ICC Tells Ameren To Lower Rates
Utility regulators say Ameren Illinois needs to lower its electricity delivery rate in 2014.
The (Decatur) Herald & Review reports the Illinois Commerce Commission says the utility needs to cut its delivery rate by $45 million.
The decision was announced Monday during an annual review and is set to take effect starting Jan. 1. Ameren officials say they're still reviewing the ruling.
They had planned to lower the delivery rate by $37 million. Beth Bosch is a spokeswoman for the ICC. She said the rate cut was needed because utility "overcollected'' on its previous rates.
The ICC is set to meet next week to discuss Ameren's natural gas delivery rate.
Ameren has about 1.2 million electric customers and about 800,000 natural gas customers in central and southern Illinois.
State regulators have given Ameren permission to acquire the right-of-way to build a 380-mile-long transmission line across Illinois.
A new testing center unveiled Wednesday at the University of Illinois at Urbana-Champaign will give businesses the chance to test out smart grid technologies like household appliances, electric cars, and transformers.
The Illinois Commerce Commission has given the go-ahead to a high-voltage Ameren transmission line that includes Douglas and Piatt Counties.
Ameren Illinois has filed a request with the Illinois Commerce Commission to raise its delivery rates on natural gas. The company says it seeks an additional $50 million in cost recovery for delivering natural gas to customers.
A citizen's watchdog group says it will appeal Ameren's latest rate hike.
On Tuesday, The Illinois Commerce Commission granted the utility a $30-million request - roughly 60-percent of what it originally wanted for natural gas delivery rates. The request before the ICC was filed 11 months ago.
Ameren spokesman Leigh Morris says Ameren doesn't make any money on the natural gas itself. He says the utility is still determing what impact the hike will have on bills. Delivery rates impact a third of a customer's natural gas bill.
Morris says it's a matter of calculating what are called tariffs through Ameren's old CILCO, CIPS, and Ameren IP territories.
"They're a matter of public record, and will be available both on our website (www.AmerenIllinois.com), and they're in a filing with the Illinois Commerce Commission," Morris said.
Citizens Utility Board spokesman Jim Chilsen questions the company's need for the hike when its parent company reported 3rd quarter earnings of more than $380-million. He says the ruling threatens to wipe out potential savings due to a mild winter.
"It's the absolute worst time for a rate hike, with the economy the way it is," said Chilsen. "We are pleased that it appears the company didn't get as much as it wanted. But we're disappointed with today's (Tuesday's) ruling because it gave the company more than it needed or deserved."
In the next few weeks, Chilsen says CUB will ask the ICC to re-hear the case. If the argument is rejected, the Commerce Commission can appeal that decision as well.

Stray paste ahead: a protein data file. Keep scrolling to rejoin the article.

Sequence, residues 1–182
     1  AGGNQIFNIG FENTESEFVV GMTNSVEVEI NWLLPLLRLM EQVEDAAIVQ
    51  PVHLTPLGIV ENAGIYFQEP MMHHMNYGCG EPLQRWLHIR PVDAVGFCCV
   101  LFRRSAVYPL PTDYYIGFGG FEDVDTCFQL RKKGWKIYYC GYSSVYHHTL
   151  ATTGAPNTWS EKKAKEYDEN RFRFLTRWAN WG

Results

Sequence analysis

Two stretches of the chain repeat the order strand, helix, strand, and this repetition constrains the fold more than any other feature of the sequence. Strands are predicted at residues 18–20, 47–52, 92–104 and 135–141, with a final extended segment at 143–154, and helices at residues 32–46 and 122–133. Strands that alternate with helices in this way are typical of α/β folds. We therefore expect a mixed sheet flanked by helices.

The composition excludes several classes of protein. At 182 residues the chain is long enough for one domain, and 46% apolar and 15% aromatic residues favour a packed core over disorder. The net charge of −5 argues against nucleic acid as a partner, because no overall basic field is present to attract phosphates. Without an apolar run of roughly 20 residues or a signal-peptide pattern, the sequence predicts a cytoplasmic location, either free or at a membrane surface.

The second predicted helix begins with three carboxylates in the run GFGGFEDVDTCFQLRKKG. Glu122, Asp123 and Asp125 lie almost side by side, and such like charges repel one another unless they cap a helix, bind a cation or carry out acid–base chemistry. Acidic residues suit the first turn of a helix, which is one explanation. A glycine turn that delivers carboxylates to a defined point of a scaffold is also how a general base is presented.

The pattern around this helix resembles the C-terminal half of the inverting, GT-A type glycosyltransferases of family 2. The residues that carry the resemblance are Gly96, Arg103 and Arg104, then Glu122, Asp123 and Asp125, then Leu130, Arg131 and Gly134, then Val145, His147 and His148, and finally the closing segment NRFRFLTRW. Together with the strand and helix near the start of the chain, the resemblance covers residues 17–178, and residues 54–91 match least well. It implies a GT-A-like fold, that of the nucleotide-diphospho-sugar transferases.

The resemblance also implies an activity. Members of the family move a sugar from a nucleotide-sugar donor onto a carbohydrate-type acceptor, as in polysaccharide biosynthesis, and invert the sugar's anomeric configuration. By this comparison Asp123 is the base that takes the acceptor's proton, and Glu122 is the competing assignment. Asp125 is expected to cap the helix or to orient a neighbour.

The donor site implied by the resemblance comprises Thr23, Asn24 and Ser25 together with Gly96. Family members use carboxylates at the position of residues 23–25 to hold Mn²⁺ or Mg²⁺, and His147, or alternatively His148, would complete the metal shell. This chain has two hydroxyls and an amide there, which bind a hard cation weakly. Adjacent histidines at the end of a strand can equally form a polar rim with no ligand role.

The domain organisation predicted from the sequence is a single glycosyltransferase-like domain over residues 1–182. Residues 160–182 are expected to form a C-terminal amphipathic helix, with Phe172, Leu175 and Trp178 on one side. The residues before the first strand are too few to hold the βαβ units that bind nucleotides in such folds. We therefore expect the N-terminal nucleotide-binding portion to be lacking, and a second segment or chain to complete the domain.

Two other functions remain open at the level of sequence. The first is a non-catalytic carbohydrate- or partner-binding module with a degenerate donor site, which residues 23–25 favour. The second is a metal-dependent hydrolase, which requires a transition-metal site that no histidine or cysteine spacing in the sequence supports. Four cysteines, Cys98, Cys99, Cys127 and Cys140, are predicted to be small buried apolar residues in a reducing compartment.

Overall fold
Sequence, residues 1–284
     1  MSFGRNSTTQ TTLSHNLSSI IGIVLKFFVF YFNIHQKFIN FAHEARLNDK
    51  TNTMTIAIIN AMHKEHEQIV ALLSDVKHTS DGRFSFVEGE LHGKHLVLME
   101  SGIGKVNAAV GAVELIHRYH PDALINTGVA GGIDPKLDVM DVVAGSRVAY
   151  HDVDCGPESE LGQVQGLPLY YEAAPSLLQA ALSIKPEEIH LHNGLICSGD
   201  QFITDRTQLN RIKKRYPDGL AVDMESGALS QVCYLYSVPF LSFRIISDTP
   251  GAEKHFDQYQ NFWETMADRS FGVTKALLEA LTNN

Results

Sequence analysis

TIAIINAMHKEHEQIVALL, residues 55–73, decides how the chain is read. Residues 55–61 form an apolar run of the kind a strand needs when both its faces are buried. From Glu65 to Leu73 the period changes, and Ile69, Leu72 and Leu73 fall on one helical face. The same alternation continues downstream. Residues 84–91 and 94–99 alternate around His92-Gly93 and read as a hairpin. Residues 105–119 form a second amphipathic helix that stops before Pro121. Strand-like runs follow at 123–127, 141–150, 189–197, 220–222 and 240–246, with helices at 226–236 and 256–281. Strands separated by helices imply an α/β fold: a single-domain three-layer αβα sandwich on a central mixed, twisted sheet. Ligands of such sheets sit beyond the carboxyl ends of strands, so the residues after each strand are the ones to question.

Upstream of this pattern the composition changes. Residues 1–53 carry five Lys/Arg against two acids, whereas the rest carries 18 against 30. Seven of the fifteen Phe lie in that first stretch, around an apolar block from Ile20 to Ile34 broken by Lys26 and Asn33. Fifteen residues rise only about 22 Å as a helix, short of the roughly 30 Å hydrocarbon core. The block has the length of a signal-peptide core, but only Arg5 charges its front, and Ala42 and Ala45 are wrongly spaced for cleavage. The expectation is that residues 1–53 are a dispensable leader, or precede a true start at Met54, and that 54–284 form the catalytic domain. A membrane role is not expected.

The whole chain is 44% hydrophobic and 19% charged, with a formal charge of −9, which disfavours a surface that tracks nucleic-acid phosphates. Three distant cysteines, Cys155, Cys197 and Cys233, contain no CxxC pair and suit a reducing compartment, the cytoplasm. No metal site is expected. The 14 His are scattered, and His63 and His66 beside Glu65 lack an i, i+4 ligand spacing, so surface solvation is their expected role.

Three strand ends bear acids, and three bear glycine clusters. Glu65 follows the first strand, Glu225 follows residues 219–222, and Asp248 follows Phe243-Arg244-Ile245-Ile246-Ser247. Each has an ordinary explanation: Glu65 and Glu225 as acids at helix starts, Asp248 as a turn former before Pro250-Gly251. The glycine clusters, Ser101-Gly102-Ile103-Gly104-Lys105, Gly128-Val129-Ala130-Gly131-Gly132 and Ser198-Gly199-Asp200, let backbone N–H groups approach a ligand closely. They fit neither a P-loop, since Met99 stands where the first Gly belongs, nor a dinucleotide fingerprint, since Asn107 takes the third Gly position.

Morris says he expects the increase will show up on bills by February.
Ameren is disputing news reports that its latest filing for electric delivery rates in Illinois amounts to a rate hike.
But spokesman Leigh Morris said some customers would see an increase in delivery rates, but not others. He says this is the first rate application Ameren is seeking in connection with an upgrade of the electric grid --- and he said it's based on a new formula that accepts a lower return on equity and accounts for lower interest rates.
"This is based on actual spending," Morris said. "There's not forecasting involved with this. And this rate case will result in an overall reduction of approximately $19 million. That's an annual number."
However, Morris said customers in Ameren Illinois' Rate Zone Two - the former CILCO territory - will see an increase in rates. He said the other two zones, which serve former Illinois Power and CIPS customers, would see modest decreases in their rates.
But a spokesman with the Citizens Utility Board said there's more to the latest Ameren rate case than an initial change in rates. Jim Chilsen said the Ameren filing also sets the stage for Ameren's rate structure throughout the rollout of the improved electrical grid.
"Consumer advocates need to get involved, and need to make sure that Ameren is sticking to the law and that Ameren is being fair to consumers," Chilsen said. "And this is one of the biggest cases that we'll ever deal with, because it's determining what this formula will be that will determine rates for up to the next decade."
Morris said the rate filing with the Illinois Commerce Commission replaces a rate hike request filed last February. The new filing covers the first $17 million of what will eventually be $625 million in electric grid improvements over the next decade. If approved, the new rates should take effect in October.
Morris said consumers will be able to learn how the rate request would affect their personal electric bills starting Feb. 1. He said Ameren customers will be able to use the online rate estimator at IllinoisRateFaces.com, or call Ameren Customer Service at 1-800-755-5000.